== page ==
Photos from This Body is Worthy.
Creating a Safe Space
Photographer: Anthony Arroyo
Jo Allen is a nonbinary photographer who launched Jovisuals last fall. In addition to running the photography business, Allen organized the rally in support of transgender rights that took place at the state Capitol in early April. Allen also spearheaded a fellowship program for this year’s 80/35 Music Festival through which photographers ages 16-21 will have the opportunity to shoot the event and have their work published. A 24-year-old Des Moines native who graduated from Iowa State University in 2021 with a degree in journalism, Allen spoke to dsm about their journey and how they hope their photography can make a difference in the lives of LGBTQ individuals and those in other underrepresented communities.
What led you to start Jovisuals?
Growing up black and queer in Iowa, I didn’t see any representation of people like me anywhere—not in the media, not in school, not in government, not in any spaces I existed in. If you come from an identity that isn’t white, you just don’t see yourself. Once I left that space and recognized the value, beauty and power in being visible, I was able to direct my photography toward uplifting others. I work primarily with folks in the LGBTQIA+ community, but also with people of color and anyone with a marginalized identify.
In an essay you wrote for one of dsm’s sister publications, the Business Record’s Fearless, you shared your story of being diagnosed with and treated for stage 4 non-Hodgkin’s Burkitt lymphoma in 2016 when you were 18. How did that experience shape the work you do today?
I actually started cultivating the idea for Jovisuals when I was battling cancer. That life-and-death situation was the turning point for me. I was thinking, “What about other kids who have cancer or other life-changing health issues? Where are they?”
Then that idea started to sprout into something else that eventually became Jovisuals. Being on my deathbed made me realize I would never go back to suppressing who I was and who I wanted to be. I kept thinking to myself, why would you hide who you are for the rest of your life?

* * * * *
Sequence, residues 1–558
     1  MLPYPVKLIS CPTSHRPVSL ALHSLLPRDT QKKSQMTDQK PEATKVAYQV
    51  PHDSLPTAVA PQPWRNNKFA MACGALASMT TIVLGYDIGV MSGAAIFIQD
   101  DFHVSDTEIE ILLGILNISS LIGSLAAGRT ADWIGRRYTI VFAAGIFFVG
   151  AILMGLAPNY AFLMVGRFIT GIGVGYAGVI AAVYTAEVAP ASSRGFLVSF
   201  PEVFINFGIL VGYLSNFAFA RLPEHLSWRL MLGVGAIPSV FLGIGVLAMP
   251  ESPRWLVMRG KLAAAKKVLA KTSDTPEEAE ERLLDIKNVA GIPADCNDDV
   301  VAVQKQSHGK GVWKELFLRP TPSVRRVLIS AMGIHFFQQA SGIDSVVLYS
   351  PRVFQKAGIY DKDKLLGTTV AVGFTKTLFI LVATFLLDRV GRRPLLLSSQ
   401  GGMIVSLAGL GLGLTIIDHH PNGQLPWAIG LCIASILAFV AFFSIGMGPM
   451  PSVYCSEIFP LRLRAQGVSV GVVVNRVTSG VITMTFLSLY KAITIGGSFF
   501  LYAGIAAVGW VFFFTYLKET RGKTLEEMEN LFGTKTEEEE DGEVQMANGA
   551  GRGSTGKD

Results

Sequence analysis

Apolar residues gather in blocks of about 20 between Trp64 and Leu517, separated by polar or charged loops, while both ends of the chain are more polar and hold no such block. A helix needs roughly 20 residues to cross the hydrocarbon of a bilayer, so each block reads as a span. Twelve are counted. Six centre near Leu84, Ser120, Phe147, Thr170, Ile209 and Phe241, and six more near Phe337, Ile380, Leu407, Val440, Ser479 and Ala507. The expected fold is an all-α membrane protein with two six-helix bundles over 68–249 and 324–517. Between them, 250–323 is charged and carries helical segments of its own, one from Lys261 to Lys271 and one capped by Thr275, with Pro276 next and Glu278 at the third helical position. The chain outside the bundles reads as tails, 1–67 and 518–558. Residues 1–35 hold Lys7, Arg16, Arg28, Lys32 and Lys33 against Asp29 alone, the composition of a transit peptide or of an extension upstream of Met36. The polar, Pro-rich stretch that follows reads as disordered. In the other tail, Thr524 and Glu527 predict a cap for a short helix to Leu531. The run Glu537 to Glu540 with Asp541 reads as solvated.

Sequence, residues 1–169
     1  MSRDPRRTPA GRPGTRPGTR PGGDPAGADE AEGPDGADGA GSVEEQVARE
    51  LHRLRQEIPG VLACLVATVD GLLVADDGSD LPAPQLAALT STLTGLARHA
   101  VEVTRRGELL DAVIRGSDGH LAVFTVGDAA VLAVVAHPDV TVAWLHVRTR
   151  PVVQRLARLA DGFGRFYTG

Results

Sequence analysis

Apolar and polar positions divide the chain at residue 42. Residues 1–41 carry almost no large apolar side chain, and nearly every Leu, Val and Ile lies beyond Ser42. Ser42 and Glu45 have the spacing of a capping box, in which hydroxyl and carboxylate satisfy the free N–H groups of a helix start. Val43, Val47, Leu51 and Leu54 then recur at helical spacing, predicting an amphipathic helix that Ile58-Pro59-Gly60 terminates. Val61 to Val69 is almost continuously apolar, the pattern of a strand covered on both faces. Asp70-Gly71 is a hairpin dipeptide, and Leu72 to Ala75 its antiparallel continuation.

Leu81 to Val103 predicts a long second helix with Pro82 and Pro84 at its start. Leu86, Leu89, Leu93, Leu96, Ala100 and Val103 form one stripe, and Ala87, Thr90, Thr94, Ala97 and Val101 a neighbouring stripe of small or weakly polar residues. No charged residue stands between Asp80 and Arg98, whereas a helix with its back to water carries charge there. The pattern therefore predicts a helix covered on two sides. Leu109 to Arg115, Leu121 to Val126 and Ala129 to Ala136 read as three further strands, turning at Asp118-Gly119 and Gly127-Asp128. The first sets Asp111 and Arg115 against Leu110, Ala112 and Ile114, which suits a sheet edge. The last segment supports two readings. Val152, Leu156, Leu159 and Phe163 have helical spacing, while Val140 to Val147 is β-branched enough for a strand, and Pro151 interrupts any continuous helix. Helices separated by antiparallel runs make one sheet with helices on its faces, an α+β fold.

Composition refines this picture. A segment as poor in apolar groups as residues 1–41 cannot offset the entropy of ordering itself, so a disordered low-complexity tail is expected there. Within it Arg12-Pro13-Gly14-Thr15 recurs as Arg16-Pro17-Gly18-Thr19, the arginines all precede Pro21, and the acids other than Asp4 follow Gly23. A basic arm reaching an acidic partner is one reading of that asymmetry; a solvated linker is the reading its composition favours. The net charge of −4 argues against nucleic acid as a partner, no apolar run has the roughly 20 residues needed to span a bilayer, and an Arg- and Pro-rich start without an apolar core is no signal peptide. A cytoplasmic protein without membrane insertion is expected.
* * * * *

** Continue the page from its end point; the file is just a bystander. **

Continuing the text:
And I decided that I was also going to make sure that people in my community are being empowered and supported. Being transmasculine and nonbinary and queer and black and immunocompromised—there are so many intersections of my identity that play a role in making me who I am. I understand what my community needs, which is why I wanted to provide an affirming and safe space for folks with marginalized identities. (Editor’s note: Allen has been cancer-free since 2017.)
Can you elaborate on the importance of creating that safe space?
It’s hard to exist in a world where you need to be constantly aware of your surroundings in order to stay safe. I know that my brown skin and short hair and masculine look puts a target on my back. People like me have to be careful about making choices about the most mundane things. The obstacles we encounter navigating our daily life can make it difficult to feel like there is a space you will ever fit in.
In my practice as a photographer, it is my job to ensure that I cultivate a comfortable space for queer people to express themselves. The photos I provide accurately capture and represent who they are in this world. I’m their hype person; I’m there to reaffirm how incredible they are.
It’s a tender space where we’re able, on the purest level, to connect human to human. When you strip everything away, all of us are just humans. And we, as humans, simply need to understand that we must support one another in order for anything to get better.
Photos by Jo Allen.